Truth and consequences

Rick Ryckeley's picture

It seems to me that life is about knowing the right answers, knowing when to speak them and knowing when to keep your big fat mouth shut. I first became aware of this at the tender age of 6. That is when us boys, lined up in front of Dad, were being interrogated as to how Mom’s crystal vase got smashed, the one they got in Europe during their honeymoon.

Being the youngest, I stood at the end of the line. One by one, my brothers denied any knowledge of how the vase got shattered even though they all knew full well how it happened: a game of beanbag tag and a misplaced throw by Older Brother Richard. No one would confess. Then it was my turn.

Mom and Dad told us if we told the truth, we wouldn’t get into trouble. So when asked, I told the truth; however the truth did not set me free. It got me into trouble. That’s the first time I realized that you may indeed know the right answer, but sometimes you’re smarter if you know when to keep your big fat mouth shut.

Years after the beanbag episode, that concept was beaten into me one day after school. Old Mrs. Crabtree had asked her third-grade class who covered the blackboard with spitballs when she was out of the room. Everybody knew it was Down the Street Bully Brad, but no one would answer. No one, that is, until she asked me.

My parents had beaten into me at an early age to always tell the truth. That day after school, Bully Brad beat into me another point. Even if you do know the correct answer, sometimes it’s good to keep your big fat mouth shut. Unfortunately, it would still be many years later before I mastered the concept.

Briarwood High, home of the Mighty Buccaneers, held my next lesson in truth and consequences. It was time for the Junior/Senior dance. Since I was a senior, I thought I should ask someone to go. That someone was none other than Candi, my girlfriend since Old Mrs. Crabtree’s class ... or so I thought.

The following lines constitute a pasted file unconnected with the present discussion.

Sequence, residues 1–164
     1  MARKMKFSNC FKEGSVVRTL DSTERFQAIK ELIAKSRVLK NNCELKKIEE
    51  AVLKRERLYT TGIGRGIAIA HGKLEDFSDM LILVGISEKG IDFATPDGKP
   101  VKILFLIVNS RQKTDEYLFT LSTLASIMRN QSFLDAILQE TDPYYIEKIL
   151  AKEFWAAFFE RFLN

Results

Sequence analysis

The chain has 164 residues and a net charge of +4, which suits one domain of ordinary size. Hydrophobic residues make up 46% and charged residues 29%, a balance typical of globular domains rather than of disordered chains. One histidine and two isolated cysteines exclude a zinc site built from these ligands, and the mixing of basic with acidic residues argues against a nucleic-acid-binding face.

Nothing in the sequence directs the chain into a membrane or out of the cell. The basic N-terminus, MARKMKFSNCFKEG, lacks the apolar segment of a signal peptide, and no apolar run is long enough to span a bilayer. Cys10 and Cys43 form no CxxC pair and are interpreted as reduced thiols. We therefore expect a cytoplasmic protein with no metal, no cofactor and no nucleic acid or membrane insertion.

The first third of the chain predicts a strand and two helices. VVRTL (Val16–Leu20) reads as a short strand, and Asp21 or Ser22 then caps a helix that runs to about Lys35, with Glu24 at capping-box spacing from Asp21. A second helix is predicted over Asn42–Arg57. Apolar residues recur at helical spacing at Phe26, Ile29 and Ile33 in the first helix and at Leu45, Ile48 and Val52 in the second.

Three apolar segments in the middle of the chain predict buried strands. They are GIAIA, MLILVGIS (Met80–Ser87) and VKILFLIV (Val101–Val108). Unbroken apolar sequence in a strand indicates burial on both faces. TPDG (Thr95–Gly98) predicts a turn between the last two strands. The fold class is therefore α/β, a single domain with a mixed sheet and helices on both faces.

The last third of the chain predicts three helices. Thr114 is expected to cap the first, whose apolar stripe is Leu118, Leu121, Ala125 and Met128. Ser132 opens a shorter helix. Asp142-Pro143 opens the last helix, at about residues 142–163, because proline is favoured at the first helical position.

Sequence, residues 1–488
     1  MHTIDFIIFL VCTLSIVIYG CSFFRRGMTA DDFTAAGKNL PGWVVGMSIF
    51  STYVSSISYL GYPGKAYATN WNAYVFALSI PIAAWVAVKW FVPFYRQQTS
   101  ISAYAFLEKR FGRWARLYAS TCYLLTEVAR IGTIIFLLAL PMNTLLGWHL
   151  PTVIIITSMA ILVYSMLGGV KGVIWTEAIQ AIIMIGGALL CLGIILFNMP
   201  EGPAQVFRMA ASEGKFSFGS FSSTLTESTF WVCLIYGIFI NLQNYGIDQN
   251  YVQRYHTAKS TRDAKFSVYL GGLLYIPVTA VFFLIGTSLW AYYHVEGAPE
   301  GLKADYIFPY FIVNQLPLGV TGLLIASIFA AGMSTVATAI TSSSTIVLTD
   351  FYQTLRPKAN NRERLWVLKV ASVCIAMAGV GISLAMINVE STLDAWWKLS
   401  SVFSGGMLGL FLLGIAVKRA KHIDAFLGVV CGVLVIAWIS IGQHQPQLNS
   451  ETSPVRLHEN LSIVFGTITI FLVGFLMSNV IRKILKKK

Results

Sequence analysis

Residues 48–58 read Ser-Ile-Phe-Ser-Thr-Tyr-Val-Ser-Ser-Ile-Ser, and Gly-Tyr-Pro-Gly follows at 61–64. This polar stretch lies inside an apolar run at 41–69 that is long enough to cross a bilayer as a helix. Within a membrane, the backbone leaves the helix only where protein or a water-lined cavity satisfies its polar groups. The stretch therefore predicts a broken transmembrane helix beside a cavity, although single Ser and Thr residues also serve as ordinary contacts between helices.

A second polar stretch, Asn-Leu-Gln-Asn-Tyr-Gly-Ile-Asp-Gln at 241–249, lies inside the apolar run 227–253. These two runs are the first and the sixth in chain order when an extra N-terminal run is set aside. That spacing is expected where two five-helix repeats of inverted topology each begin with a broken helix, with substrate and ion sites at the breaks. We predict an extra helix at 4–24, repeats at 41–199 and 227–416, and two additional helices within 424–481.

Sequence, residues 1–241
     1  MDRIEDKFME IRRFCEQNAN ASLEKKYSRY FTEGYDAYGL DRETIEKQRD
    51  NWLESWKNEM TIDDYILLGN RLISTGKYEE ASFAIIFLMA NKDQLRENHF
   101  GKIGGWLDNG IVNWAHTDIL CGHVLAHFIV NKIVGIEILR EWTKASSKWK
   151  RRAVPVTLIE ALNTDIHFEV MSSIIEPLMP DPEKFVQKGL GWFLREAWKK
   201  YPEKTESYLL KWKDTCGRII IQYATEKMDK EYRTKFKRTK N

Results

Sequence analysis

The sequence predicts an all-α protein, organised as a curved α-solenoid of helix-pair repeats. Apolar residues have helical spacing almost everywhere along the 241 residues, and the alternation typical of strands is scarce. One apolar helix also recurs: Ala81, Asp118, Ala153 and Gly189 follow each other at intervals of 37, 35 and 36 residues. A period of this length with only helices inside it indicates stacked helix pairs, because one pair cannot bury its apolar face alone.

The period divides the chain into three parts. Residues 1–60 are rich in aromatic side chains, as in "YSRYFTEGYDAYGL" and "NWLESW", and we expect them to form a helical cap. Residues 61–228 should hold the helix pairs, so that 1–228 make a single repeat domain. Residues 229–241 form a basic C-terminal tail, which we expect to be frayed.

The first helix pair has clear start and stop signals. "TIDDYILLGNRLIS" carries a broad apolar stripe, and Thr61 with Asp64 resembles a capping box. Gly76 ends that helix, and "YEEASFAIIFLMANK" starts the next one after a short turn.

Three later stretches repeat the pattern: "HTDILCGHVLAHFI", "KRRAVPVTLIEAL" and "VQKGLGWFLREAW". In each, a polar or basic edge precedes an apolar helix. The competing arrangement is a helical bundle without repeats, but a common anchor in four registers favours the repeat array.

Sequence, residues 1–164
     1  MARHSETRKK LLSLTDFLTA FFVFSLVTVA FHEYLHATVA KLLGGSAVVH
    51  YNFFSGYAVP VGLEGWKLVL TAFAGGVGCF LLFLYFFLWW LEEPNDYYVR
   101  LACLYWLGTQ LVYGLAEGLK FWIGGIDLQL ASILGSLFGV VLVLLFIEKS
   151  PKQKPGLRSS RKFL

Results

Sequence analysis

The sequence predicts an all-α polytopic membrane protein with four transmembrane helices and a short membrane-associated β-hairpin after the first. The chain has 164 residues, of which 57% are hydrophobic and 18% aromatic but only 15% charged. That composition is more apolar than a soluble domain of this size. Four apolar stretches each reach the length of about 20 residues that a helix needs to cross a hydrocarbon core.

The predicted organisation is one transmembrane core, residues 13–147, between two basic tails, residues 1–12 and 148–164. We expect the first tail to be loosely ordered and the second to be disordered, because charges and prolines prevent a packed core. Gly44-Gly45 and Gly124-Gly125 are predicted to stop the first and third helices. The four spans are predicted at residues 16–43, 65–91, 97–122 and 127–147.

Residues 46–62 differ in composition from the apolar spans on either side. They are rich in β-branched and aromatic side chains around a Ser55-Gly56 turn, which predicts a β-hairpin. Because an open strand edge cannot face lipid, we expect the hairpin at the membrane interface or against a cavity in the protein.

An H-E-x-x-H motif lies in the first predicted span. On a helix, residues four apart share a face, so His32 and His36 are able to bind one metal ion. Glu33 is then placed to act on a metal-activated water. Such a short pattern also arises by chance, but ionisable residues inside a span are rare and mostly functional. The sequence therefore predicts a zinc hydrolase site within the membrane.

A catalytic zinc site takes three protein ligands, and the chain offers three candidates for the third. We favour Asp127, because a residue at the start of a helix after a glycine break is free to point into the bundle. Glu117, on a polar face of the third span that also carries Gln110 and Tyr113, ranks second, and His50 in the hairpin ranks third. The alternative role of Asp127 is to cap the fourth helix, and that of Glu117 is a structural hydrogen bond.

She turned me down because she already had a date. Thanks to Blabber Mouth Betsey telling the truth for a change, I found out she really didn’t. She was waiting for Preston Weston to ask her out. He went to the dance with Brenda, the head cheerleader, and Candi sat home alone.

It seems Candi didn’t know that not telling the truth gets people in trouble too. Thoroughly confused, I left Briarwood behind and have been stumbling through life ever since, trying to dance that fine line between when to tell the truth and when it’s better not to say anything.

That is until last week. That’s when The Wife asked me if I liked her new haircut and color. Again, I was at a loss as to how to respond.

If I said yes it looks much better, I would be admitting that the old style and color was not as attractive. If I said no, I liked the old one better, I would be saying I didn’t like the new one.

Armed with the knowledge that I indeed possessed the right answer, I finally did what has taken me over 44 years to learn. I kept my big fat mouth shut.

After a smile and a peck on the cheek, I told her that she always looked adorable to me. Then I headed for the basement. We’re trying to finish it and there are hours of painting to be done down there.

Maybe by then, The Wife would’ve forgotten that I never really gave an answer to her question. Maybe.

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